in use in some other games, notably MWP’s “Battlestar Galactica” offering. I just finished the book and this my review.
Full Disclosure: I received a free copy of this book from the publisher for this review.
I feel I must mention one thing before diving into the book itself. MWP included a code for a PDF version of the book from RPGnow.com inside “Cortex.” This is an excellent idea and frankly needs to be an industry standard. I understand there are issues with intellectual property rights, distribution channels and piracy, but relying solely on dead-tree books is a recipe for obsolescence. If nothing else, it is a great “thank you” to those that actually pay for books rather than downloading pirated scans. Well done, MWP!
Stepping off of my soapbox, I now descend into the nuts and bolts of “Cortex.” The book is 158 pages long in a perfect bound format.
“Cortex” starts off by describing what it is not. This is a “fuzzy” rules system, more interested a fun gaming experience than carefully balanced, mathematically precise rules. Cortex focuses on being easy to learn and running quickly on the game table. It is not for the math geek/rules lawyers of the gaming world.
Game mechanics are quite simple. Each statistic or skill has a die assigned. A d2 rating is below human average and d12 is superhuman. Skills work the same way. You combine a statistic (agility) with a skill (gymnastics) to generate a pool of dice and then use those dice to reach a target number. Missing the number means failure while wildly exceeding the target number grants success and perhaps a GM assigned benefit for your Gymkata skills.
One aspect of the system I found interesting was the skills are not mapped to specific attributes. If you judged a gymnastics competition in game, then a combination of intelligence and gymnastics is perfectly acceptable. It adds a nice layer of flexibility into the mechanics.
Character generation is a standard point buy setup, with the ability to buy “traits.” Traits are either assets or complications. Assets provide some benefit to the character, such as fast healing or a photographic memory and cost character generation points. Complications add more points to your character creation pool, but add some defects to the PC, ie alcoholism, phobias, etc.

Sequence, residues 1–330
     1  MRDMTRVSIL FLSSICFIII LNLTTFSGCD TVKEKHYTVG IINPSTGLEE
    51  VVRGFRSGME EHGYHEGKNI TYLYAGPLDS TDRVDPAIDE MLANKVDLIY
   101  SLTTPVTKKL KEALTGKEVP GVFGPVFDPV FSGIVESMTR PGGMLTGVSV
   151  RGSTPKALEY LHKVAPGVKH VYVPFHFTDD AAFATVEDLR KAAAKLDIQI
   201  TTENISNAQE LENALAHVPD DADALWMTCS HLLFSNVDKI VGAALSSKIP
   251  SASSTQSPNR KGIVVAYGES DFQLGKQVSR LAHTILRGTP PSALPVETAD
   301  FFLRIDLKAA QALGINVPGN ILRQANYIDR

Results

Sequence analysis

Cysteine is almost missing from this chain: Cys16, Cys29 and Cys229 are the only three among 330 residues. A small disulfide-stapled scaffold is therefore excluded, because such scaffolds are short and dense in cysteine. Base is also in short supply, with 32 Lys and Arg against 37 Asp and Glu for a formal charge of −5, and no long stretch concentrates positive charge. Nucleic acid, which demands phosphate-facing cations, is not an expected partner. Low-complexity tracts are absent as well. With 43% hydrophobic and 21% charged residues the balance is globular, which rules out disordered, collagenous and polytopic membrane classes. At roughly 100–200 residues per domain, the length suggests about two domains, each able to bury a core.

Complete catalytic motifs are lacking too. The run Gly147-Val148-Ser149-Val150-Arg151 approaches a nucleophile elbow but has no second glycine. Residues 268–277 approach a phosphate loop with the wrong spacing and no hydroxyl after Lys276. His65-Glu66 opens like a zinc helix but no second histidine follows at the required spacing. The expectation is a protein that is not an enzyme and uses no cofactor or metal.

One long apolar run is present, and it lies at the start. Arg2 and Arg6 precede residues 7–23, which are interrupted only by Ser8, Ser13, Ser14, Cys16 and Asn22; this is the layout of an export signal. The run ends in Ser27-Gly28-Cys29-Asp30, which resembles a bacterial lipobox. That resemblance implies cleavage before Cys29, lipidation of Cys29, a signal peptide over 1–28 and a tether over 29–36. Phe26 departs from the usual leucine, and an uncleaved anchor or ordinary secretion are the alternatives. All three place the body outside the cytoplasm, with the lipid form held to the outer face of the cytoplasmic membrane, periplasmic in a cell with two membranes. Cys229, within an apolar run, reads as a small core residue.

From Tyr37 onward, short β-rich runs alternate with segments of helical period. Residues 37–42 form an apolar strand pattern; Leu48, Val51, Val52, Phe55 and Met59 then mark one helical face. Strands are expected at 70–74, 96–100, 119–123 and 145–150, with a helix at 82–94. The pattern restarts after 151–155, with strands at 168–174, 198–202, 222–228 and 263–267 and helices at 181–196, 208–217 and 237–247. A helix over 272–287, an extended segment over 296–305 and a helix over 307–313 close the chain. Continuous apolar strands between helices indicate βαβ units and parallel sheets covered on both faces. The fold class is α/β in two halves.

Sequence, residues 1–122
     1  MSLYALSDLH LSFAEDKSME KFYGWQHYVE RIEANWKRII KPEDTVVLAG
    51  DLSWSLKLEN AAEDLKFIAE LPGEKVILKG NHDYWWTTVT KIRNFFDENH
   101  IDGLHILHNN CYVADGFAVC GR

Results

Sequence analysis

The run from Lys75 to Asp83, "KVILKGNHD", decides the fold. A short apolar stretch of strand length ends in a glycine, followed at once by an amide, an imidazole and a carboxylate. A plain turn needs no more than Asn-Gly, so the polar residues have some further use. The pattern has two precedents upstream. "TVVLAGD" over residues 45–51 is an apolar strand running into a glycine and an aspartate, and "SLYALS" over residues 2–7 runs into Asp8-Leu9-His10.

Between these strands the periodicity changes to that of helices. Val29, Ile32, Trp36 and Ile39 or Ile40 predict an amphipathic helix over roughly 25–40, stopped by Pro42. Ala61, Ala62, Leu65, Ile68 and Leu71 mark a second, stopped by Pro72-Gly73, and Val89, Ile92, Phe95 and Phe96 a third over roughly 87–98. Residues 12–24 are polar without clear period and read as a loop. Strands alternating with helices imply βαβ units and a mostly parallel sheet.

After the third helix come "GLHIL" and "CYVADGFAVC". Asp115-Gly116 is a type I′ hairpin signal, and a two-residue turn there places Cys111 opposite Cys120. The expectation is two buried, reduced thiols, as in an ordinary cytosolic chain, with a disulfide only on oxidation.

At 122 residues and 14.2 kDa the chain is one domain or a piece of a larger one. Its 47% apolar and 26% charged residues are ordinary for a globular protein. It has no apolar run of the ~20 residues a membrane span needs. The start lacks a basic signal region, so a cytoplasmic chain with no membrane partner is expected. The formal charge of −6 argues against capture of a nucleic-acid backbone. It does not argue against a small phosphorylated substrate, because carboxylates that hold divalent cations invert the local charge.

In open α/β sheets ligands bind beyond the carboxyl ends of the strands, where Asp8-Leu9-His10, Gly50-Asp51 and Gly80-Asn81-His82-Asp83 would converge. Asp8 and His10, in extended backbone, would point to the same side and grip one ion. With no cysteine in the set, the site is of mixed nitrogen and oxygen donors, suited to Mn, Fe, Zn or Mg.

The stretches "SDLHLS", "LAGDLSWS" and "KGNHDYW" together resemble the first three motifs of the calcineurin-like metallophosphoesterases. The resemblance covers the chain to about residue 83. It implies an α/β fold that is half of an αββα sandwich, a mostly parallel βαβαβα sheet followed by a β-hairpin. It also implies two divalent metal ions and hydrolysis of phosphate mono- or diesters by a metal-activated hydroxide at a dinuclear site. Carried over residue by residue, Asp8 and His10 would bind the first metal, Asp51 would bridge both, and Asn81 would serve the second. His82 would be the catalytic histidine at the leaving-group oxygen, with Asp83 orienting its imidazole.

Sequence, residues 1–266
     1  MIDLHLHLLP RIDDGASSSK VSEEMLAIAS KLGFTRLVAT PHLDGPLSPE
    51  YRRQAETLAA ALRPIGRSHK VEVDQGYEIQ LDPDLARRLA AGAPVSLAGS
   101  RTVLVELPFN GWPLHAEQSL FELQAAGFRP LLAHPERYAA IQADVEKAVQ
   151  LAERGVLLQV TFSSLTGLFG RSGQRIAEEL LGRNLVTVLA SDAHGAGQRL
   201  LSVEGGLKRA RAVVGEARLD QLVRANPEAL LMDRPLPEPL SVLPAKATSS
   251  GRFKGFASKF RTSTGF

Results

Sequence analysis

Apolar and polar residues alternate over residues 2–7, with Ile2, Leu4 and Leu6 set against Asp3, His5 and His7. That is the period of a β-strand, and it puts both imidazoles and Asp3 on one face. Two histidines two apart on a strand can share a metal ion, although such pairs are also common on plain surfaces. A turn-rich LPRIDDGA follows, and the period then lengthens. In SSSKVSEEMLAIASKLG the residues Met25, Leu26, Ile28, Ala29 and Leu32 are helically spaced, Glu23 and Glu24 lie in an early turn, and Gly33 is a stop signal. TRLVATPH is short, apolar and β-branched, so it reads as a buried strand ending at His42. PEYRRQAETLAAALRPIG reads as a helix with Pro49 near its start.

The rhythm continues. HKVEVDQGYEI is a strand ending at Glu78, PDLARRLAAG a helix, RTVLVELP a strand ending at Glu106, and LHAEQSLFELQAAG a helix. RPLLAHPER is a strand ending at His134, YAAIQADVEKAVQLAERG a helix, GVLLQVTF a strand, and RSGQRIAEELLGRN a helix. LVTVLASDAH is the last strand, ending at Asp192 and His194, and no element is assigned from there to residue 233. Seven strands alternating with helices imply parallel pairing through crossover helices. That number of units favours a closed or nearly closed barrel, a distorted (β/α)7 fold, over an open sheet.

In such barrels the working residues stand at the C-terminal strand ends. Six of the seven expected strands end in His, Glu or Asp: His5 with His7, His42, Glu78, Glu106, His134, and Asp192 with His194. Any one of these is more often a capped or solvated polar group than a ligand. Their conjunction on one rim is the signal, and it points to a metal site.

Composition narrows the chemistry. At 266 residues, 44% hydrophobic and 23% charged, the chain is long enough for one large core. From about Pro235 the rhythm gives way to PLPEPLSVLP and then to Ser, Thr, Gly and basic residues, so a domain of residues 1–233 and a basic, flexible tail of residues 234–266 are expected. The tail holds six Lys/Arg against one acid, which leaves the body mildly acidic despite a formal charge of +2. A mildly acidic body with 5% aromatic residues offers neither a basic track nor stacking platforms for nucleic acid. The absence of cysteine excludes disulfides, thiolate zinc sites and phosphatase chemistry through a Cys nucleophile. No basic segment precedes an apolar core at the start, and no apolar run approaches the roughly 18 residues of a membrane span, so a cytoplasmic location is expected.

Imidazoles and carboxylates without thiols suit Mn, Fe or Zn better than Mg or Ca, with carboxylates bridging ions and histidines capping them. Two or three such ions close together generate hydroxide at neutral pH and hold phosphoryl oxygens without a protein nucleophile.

One other rules item concerns “plot points.” These points allow the PCs to increase dice pools, pretty standard in many games, but they also allow the PCs to change the environment during play. During a game, a PC needs to slow down an oncoming horde of zombies and only has a pistol. One burned plot point later and now a propane gas cylinder appears in the scene. One good shot and the zombies spend two rounds burning. I thought this had some abuse potential, but as long as the GM has a good group of players, it could be a lot of fun.
I am glossing over much of the rules detail. Cortex has a strong basic rules set that covers many game situations (magic, psionics, implants, drugs) and provides clear examples of using the rules. I read through the book initially on the plane back from GTS and felt I could run a game after about two hours of reading.
Cortex is a “generic” RPG rules set, so it does not have a “base” campaign world, a la “Greyhawk” for old “Dungeons and Dragons.” There are some campaign world examples in the book, each one is 3-5 pages of story background, NPCs. They are a CSI flavored police procedural called “Trace,” “Arcady,” based on books by Michael Williams and have a fantasy/horror flavor. “Star of the Guardians” by Margaret Weis is a space opera involving genetically superior people with energy swords fighting over the lost scion of a fallen noble house. There is a chapter with some NPC/monster examples, but there are only 10 pages of critters and they cover such a broad range that they are more examples for creating your own NPCs rather than a “codex of monsters.”
I know that Cortex advertises itself as a “tool kit approach” to gaming, but some more campaign information and NPCs would have been nice. This is my only concern about “Cortex,” that it is so “do-it-yourself” that beginning gamers may be intimidated. A rookie GM should look towards the existing games (ie Serenity or BSG) that use the system, rather than trying to create something from scratch. If you are an experienced gamer or think you have the energy to create a world from scratch, then this is the book for you.
Normally I talk about art in game books, but there is very limited art in “Cortex.” It is of reasonable quality, but there is so little it clearly was not a priority for this book. Cortex is all business.
I have rambled on too long. Other than my “no rookie GM” reservation, I really enjoyed “Cortex” and thought it had some nice mechanics and a clean set of rules. I look forward to seeing some more supplements using this rules set.
Trask, The Last Tyromancer